We know now that traumatic brain injuries are a massive problem in America: an estimated 1.7 million deaths in this country are attributed to traumatic brain injuries each year, and they are the leading cause of death and disability among American children and young adults. In recent years, there has been more attention given to brain injuries than ever before, with the media devoting more attention to football players and other young athletes who have sustained brain injuries while playing sports.
It took a long time to learn as much as we now know about traumatic brain injuries. As difficult as it is to believe it now, there was a time not long ago when the medical establishment did not believe that athletes were at risk for life-altering brain injuries. Specifically, they didn’t understand that repeated blows to the head could cause injuries to the brain that compounded over time, eventually resulting in a condition called chronic traumatic encephalopathy. Sufferers of CTE can experience depression and suicidal thoughts, impulsive behavior and emotional instability, memory loss and difficulties with executive function. In its most severe form, CTE can cause aggression, dysphagia, loss of motor control and dementia.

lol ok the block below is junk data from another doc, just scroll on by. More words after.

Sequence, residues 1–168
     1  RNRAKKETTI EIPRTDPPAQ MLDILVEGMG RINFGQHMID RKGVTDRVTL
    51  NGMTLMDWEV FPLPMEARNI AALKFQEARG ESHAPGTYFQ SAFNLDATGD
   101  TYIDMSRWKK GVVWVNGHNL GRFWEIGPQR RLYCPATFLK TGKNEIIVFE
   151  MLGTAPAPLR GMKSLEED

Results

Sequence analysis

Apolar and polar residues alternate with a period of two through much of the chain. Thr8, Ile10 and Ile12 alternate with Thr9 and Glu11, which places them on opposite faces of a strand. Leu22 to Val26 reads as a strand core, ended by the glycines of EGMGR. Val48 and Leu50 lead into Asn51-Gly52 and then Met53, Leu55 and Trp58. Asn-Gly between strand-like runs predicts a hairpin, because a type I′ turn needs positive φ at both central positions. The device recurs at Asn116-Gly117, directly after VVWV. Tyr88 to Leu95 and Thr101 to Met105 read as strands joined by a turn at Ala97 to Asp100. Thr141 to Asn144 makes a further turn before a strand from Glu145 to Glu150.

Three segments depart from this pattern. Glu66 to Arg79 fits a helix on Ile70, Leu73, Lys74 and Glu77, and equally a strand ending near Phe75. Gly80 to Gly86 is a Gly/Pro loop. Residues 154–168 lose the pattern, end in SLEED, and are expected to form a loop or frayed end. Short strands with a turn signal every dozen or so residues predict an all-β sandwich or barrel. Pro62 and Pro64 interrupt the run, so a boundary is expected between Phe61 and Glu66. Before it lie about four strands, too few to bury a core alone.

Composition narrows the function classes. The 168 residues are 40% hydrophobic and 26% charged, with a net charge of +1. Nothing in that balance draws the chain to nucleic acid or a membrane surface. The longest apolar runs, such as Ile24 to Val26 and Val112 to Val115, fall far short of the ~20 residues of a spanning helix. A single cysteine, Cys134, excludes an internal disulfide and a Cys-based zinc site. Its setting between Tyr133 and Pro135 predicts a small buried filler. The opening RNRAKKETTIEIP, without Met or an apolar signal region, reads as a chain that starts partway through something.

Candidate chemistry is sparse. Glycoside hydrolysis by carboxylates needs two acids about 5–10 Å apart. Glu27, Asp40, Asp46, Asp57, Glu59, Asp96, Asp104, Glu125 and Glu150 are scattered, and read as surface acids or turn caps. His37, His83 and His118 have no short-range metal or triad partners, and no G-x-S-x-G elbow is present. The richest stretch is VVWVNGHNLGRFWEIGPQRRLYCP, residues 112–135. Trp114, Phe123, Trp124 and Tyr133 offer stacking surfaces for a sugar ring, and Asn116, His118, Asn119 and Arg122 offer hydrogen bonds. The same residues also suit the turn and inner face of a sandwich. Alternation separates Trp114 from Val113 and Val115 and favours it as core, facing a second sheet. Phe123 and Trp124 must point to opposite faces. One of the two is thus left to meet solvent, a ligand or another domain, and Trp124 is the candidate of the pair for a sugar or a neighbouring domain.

One man changed everything we knew about brain injuries
Dr. Bennet Omalu never expected to revolutionize our understanding of football players’ injuries. Born in Nigeria, he barely understood the rules of the sport and thought as a child that they players “dressed like extraterrestrials, you know, like they were going to Mars or something, headgears and shoulder pads.” As a young forensic pathologist, he barely recognized the man he was autopsying as famous Pittsburgh Steelers center Mike Webster.
Mike’s brain looked normal upon first examination, but Dr. Omalu suspected that something was wrong. A rich, apparently healthy man had suddenly lost all his money, become addicted to drugs and died at an unusually young age. Working on a hunch that something was happening inside Mike’s brain that he couldn’t see, Dr. Omalu sent samples to the Univeristy of Pittsburg for examination. What he found were abnormal proteins in the brain different from anything scientists had seen before: this wasn’t Alzheimer’s, but a new disease that wouldn’t should up on scans of a living brain.
Although doctors understood the concept of dementia pugilistica, brain degeneration in boxers who sustain repeated blows to the head during their careers, no one understood at the time that football players were suffering from the same disorder. Everyone believed that their helmets were enough to protect them from brain injuries. Dr. Omalu faced an uphill battle as he tried to convince the medical establishment and the NFL that players were suffering and dying from the long-term effects of traumatic brain injuries. Now, some doctors now believe that the sport has actually become more violent as players believed that their helmets were proof against injuries.
Dr. Omalu’s story has been filmed for the movie Concussion, starring Will Smith. The movie will be in theaters starting December 25, 2015.